Along with Example and Plan B, Ed is spearheading a movement that says "pop music isn't just for girls and gays, it is also for geezers who drink pints and shag birds" (the slogan could do with a bit of work, admittedly). It's one of the most refreshing trends of 2010, sweeping aside 10 barren years where every male artist was trying to be Eminem or The Streets without the wit, the life experience or the chainsaw.
Ed's debut single, Champagne Lemonade, is co-written produced by Xenomania refugee Tim Powell and is largely a good thing. Best bit is the snarky refrain of "he buys you champagne, I buy you lemonade, makes him somthing of a casanova".
Let's say hello to Los Angeles quintet Local Natives, who describe themselves as "hyphen-crazed-harmony-laden-percussion-driven-indie-rock". Hello!
The band have three - THREE - lead vocalists, Taylor Rice, Kelcey Ayer and Ryan Hahn. But there the similarities to Bananarama end.
Reviewers, who have been largely positive, tend to point out two things: First, they sing super-sweet harmonies like The Fleet Foxes. Second, they play complicated afro-beat poly-rhythms like Vampire Weekend. If they weren't trying to be so achingly current, they might also say Local Natives sound like CSNY frenching Paul Simon's Graceland.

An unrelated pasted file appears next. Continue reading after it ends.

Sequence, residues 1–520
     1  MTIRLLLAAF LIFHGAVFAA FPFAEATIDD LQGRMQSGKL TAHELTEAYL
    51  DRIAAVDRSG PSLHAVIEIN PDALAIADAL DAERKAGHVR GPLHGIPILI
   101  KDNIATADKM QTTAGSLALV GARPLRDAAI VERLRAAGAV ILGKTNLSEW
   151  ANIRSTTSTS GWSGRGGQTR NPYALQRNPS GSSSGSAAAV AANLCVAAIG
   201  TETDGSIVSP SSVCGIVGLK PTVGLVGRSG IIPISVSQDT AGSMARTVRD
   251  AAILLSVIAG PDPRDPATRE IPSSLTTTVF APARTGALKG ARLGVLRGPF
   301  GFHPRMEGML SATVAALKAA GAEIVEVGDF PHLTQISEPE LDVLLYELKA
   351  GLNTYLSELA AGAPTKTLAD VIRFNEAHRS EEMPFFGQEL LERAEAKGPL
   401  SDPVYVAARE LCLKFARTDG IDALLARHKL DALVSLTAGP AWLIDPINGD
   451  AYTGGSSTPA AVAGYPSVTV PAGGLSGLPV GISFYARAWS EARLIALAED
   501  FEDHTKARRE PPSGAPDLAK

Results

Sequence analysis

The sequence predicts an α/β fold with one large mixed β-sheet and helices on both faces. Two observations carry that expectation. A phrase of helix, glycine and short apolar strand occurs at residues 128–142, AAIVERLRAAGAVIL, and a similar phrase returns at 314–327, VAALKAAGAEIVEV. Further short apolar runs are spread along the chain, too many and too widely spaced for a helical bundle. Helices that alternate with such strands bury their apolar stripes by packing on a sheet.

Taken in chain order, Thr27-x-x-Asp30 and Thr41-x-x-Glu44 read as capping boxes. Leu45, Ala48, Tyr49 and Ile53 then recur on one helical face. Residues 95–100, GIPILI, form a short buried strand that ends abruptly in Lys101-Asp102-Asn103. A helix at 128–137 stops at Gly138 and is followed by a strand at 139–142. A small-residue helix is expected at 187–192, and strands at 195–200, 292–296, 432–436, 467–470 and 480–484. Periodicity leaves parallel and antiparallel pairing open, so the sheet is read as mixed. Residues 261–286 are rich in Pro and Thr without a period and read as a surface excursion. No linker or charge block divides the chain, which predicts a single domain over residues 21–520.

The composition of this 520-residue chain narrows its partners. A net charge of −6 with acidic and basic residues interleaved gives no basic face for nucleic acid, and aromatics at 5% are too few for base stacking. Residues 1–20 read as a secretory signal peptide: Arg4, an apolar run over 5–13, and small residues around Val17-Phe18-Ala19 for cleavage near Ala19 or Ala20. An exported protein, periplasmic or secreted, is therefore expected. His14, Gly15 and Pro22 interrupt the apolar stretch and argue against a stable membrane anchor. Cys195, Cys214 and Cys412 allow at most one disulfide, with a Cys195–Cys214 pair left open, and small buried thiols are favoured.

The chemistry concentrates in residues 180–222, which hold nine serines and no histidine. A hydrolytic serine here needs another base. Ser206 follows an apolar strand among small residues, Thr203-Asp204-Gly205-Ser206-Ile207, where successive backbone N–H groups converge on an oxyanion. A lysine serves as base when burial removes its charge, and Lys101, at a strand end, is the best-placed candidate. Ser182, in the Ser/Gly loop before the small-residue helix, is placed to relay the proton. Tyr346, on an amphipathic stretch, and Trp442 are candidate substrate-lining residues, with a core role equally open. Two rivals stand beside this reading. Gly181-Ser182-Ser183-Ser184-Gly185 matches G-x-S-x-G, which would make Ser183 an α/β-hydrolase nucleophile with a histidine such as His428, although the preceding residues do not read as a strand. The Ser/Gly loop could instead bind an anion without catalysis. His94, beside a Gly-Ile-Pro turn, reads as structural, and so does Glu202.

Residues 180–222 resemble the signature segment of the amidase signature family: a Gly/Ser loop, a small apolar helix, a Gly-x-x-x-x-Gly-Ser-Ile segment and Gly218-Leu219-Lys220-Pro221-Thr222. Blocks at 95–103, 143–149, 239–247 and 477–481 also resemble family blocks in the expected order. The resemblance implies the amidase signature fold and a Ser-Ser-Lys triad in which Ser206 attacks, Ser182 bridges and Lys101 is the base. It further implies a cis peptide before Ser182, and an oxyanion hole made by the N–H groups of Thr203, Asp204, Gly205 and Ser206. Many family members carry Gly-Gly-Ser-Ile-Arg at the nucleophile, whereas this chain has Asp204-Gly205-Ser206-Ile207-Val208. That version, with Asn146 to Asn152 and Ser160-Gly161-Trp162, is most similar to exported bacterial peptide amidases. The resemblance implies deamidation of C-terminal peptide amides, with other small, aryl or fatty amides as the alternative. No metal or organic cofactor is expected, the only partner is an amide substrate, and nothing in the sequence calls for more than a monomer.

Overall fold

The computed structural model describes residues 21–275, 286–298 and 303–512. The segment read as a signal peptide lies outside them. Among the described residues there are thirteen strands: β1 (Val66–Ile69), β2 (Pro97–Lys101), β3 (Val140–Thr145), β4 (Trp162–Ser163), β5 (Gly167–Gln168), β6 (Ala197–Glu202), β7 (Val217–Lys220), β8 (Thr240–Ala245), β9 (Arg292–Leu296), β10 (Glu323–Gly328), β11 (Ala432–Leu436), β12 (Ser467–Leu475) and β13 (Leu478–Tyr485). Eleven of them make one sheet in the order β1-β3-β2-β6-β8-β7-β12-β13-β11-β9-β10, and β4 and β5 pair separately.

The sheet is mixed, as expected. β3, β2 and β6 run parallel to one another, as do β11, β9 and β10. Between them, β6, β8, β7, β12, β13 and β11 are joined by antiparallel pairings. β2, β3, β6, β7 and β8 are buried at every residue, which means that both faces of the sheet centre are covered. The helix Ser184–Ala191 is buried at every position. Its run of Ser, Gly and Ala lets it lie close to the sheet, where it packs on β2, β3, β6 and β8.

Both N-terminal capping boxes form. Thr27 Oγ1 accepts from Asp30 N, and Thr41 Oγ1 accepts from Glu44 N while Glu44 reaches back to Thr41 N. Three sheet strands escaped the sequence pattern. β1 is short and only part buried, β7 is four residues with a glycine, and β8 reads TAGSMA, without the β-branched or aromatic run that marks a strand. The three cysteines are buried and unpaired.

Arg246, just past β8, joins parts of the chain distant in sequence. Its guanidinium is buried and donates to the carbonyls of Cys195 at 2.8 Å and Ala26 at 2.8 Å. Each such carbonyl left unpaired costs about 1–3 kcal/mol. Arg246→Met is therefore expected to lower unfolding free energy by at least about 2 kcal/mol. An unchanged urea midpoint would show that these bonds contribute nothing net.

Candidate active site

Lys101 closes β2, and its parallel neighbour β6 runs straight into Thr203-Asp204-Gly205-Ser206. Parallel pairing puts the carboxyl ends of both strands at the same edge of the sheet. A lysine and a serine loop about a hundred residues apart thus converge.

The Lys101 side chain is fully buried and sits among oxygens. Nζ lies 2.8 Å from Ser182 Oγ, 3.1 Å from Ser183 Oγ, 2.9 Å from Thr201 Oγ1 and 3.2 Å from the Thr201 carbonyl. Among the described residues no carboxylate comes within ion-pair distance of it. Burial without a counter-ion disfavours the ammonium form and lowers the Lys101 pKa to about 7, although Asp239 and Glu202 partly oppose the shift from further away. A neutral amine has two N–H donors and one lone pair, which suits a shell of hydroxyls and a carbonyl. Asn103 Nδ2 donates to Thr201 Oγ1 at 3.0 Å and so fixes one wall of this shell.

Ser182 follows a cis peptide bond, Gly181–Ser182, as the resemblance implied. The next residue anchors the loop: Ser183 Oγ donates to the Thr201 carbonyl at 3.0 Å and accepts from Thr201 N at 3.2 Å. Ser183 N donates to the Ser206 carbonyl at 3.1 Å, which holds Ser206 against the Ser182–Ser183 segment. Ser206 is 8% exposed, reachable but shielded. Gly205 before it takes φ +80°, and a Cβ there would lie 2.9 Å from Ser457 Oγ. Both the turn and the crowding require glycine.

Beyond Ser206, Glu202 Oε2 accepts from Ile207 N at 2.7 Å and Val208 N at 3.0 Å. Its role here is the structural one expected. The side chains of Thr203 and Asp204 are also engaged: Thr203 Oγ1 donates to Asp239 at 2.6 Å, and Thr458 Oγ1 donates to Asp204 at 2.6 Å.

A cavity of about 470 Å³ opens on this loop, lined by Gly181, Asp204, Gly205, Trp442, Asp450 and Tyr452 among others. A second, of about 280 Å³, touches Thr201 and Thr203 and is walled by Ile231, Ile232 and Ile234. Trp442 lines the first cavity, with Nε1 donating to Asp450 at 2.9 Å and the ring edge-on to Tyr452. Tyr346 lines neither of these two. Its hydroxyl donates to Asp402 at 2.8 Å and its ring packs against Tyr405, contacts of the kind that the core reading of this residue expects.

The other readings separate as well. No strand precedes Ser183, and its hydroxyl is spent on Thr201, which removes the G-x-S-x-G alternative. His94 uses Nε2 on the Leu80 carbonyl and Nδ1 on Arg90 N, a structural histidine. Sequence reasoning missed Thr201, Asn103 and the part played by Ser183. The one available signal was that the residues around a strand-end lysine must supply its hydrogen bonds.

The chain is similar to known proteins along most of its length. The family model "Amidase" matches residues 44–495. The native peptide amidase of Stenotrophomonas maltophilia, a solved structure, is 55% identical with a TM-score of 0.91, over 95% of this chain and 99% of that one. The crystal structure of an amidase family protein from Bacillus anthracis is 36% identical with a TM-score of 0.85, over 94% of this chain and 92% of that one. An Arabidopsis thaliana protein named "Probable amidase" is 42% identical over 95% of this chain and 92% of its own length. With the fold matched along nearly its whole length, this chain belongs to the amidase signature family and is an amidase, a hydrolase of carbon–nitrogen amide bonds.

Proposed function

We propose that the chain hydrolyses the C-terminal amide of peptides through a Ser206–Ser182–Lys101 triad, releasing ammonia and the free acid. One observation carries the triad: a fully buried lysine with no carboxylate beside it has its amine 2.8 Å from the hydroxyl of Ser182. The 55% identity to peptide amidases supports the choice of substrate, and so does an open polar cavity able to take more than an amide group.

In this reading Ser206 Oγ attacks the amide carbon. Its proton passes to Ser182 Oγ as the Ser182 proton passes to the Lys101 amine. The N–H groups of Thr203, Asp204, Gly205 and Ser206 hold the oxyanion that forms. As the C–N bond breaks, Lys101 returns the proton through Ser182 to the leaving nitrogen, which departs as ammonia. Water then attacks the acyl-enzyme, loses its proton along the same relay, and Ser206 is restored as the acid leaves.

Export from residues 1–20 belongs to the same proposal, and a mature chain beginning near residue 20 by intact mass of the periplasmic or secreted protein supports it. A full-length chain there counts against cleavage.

Either way, the band are officially a "good thing", not least because their album is called Gorilla Manor - which makes it sound like a BBC wildlife show where Ben Fogle and Kate Humble have to train a group of screaming, feral primates to serve afternoon tea in a stately Victorian home. With hilarious results.
Ahem... I seem to have lost the thread of this article now. But here is a video of the band playing their latest single, Wide Eyes. Nice beards, guys.
You are more likely to have heard of Mad Men than watched it. The critically-lauded, multi award-winning show only gets about 250,000 viewers every week on BBC Four - but I can't recommend it highly enough.
Set in Manhattan's burgeoning advertising industry of the 1950s and 60s, the US drama series effortlessly invokes a bygone era of stiff drinks, elastic morals and freakishly pointy bras. The two main characters are Don and Betty Draper - a ridiculously handsome suburban couple with enough dark secrets to blot out the sun.
Thousands of column inches have been dedicated to the show's wit, panache and chic retro stylings - but precious little has been said about the programme's effortlessly evocative music.
The show's music supervisor is Alex Patsavas, formerly of The OC and Gossip Girl, a woman seemingly blessed with the world's most impeccable taste in music. From Mad Men's opening credits (a spiralling string arrangement over clattering percussion) to the bespoke soundtrack that accomapnies each week's credit reel, every soundbite is chosen with scientific precision.
Although the programme is set during an era of huge social upheaval for America (the civil rights movement, Vietnam, the teenage revolution), the music generally looks back to the more strait-laced songs of Johnny Mathis and Ella Fitzgerald... although that's beginning to change as the series drags us further into the 60s.
Each season has a flawless compilation CD, which generally unearths a handful of previously-unreleased classics. They're well worth the investment if you're a keen musical archivist.
To get you started, I've put together an entirely subjective list of my five favourite musical moments from the first four series. I'd love to hear your suggestions in the comments box, too.